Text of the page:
• Mortgage recording tax without CEMA = $400,000 x 1.8% = $7,200
  • Mortgage recording tax with CEMA = $100,000 x 1.8% = $1,800
  • Total savings = $7,200 – $1,800 = $5,400

While it varies case by case, this could mean thousands of dollars in savings for homeowners. A CEMA loan is traditionally used to refinance a home, but there are rare occasions where it can be for new home purchases, too. All homeowners can likely benefit from a CEMA, but it is especially helpful when the loan has a high remaining balance.

Pros and Cons of a CEMA Loan

To truly get a sense of these loans and whether they are the right fit for you, you need to take an honest look at their main benefits and drawbacks. The first and most obvious benefit of a CEMA mortgage is that it can save you money. By only paying a portion of this mortgage recording tax instead of on the total balance of the new loan, most homeowners can save thousands. 

The major drawback of a CEMA loan is its strenuous process. It requires approval from the state as well as previous lenders. Because of the requirements, it often takes well over two months to close, whereas a conventional refinance might only take a month or less. If you need to close quickly or simply aren’t very patient, a CEMA loan might not be for you.

What are the Requirements for a CEMA Loan?

CEMA loans come with a few requirements. First, you need to be a New York resident to take advantage of CEMA.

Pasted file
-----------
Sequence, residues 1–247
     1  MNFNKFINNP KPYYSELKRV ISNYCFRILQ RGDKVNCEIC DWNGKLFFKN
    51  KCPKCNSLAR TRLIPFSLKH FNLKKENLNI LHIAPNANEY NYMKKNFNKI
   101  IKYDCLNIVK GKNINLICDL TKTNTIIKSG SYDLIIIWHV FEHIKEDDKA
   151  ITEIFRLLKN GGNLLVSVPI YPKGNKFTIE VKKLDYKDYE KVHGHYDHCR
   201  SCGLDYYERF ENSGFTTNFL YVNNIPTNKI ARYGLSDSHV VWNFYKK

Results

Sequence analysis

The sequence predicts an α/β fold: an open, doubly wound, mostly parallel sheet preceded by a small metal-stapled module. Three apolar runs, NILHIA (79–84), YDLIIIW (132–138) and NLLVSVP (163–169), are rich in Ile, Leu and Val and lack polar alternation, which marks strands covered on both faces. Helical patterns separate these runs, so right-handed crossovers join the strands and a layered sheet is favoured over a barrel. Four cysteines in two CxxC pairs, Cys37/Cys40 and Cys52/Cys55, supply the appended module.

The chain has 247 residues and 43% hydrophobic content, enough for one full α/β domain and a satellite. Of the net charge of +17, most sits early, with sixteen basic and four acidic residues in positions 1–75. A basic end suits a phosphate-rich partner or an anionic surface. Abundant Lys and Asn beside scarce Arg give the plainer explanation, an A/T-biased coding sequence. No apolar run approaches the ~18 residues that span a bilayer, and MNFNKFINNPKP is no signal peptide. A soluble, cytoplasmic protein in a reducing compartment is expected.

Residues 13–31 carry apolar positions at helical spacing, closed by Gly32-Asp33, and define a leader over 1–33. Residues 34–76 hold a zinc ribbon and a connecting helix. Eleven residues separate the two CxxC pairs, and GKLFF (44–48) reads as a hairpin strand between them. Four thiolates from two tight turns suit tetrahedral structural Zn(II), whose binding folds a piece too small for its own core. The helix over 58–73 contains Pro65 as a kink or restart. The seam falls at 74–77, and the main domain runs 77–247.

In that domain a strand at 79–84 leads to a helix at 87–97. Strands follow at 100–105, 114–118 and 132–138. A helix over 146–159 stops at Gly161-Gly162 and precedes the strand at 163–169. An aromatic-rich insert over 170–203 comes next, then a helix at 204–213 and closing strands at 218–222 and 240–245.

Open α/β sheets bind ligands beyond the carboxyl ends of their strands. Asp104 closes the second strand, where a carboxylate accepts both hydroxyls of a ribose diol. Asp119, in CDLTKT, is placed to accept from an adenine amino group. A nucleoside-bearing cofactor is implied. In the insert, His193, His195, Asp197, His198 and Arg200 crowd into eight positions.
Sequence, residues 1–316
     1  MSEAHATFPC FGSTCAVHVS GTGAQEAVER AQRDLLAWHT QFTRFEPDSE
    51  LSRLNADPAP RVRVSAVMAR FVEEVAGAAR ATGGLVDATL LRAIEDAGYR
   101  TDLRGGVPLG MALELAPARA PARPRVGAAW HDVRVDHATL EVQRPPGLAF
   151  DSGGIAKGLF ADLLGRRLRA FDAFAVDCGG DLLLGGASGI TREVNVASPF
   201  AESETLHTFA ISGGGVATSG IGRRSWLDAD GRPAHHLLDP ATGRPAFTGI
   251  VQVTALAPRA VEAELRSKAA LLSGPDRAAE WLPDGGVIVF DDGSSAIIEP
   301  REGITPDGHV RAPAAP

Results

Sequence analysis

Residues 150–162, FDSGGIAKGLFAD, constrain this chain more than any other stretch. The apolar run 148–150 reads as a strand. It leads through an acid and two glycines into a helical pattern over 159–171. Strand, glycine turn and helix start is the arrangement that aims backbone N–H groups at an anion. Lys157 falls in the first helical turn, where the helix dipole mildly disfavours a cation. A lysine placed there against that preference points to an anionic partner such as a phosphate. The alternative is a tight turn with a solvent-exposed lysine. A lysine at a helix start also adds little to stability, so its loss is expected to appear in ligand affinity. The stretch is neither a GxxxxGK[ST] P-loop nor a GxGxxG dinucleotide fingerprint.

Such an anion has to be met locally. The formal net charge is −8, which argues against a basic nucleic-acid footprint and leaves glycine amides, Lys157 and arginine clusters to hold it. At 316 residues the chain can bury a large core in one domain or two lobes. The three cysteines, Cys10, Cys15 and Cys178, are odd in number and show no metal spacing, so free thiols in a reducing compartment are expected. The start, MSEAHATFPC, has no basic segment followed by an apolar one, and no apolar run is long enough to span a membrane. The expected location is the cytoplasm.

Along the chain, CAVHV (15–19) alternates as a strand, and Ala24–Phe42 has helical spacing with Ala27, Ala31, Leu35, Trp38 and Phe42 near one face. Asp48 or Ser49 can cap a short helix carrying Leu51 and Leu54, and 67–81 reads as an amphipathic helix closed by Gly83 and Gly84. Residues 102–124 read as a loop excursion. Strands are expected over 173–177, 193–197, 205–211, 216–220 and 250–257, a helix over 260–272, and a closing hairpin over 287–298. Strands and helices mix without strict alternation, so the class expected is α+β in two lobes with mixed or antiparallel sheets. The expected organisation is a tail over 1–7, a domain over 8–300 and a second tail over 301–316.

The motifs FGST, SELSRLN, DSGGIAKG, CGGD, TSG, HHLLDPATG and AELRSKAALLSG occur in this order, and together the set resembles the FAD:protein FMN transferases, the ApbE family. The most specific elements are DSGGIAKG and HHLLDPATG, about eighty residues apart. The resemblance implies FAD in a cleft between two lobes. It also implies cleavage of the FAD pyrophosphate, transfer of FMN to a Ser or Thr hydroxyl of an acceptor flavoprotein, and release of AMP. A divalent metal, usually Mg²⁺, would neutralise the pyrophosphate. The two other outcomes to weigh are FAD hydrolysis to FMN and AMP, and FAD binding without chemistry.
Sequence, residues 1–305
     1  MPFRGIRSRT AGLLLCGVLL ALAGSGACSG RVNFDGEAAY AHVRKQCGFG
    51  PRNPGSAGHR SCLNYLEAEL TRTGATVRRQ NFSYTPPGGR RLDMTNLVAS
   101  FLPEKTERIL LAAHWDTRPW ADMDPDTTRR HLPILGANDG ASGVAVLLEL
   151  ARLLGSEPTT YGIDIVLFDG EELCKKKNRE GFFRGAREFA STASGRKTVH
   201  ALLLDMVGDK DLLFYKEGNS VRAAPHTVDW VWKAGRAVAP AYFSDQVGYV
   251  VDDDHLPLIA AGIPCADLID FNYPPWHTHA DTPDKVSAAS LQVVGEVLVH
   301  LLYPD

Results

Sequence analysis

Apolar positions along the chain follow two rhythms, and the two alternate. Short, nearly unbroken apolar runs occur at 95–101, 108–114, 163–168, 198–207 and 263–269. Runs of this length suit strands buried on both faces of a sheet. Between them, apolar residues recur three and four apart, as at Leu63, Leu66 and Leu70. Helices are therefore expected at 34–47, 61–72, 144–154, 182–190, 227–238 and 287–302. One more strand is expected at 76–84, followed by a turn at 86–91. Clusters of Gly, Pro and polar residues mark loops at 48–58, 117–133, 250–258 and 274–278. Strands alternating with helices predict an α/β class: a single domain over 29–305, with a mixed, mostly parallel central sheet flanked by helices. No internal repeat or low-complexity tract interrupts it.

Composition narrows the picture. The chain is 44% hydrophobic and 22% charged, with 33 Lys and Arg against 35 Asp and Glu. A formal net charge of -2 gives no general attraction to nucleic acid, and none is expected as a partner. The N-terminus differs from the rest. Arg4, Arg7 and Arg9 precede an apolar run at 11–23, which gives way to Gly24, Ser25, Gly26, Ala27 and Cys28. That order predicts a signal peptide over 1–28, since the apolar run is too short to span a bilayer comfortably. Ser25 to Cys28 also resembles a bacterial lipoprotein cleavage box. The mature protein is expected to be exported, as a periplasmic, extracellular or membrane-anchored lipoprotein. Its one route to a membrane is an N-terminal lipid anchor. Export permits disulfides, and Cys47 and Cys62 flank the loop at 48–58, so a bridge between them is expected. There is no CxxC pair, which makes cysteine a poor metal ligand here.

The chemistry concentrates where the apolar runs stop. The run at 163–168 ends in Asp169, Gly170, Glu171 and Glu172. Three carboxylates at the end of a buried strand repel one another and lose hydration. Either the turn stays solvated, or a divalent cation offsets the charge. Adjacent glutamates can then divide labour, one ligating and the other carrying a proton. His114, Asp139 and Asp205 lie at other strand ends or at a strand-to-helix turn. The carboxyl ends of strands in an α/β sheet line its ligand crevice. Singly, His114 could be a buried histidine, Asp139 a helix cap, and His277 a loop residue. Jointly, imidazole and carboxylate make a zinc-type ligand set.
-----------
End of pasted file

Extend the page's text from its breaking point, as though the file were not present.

Next, while CEMA loans work for many types of properties, they will not work for co-ops, as personal shares in co-ops are not considered real estate. So, if you own a co-op, you will need to work with a lender that offers conventional loans.

Another requirement is actually finding a lender that offers CEMA loans. Not all lenders work with CEMA loans, so be upfront about your desire as early as possible. If possible, try and stay with your current lender when getting a CEMA, as changing lenders can introduce more costs and take even longer.

The Process of Getting a CEMA Loan

As briefly mentioned earlier, the process of getting a CEMA loan can be a long one. The first step is to express your interest in a CEMA with your lender. Since the process involves a lot of paperwork, we recommend that you let your lender know as early as possible.

If your current lender works with CEMA loans, you’ll likely be able to close it faster and avoid most additional fees. However, if your lender doesn’t offer such an option, you will have to find a new lender. Switching lenders could potentially introduce more fees. The process might also take longer as you’d need your current lender to approve assigning your existing mortgage to a new one. Remember to compare the costs if you need to switch lenders. The costs incurred might be greater than the savings on the mortgage recording tax.

Once your application is submitted, it’ll take a while for the lender to process the application and get the state’s approval. The whole process can take anywhere from 30 to 90 days. While the process is long and stressful at times, this is still an excellent option to consider if you are patient and able to wait.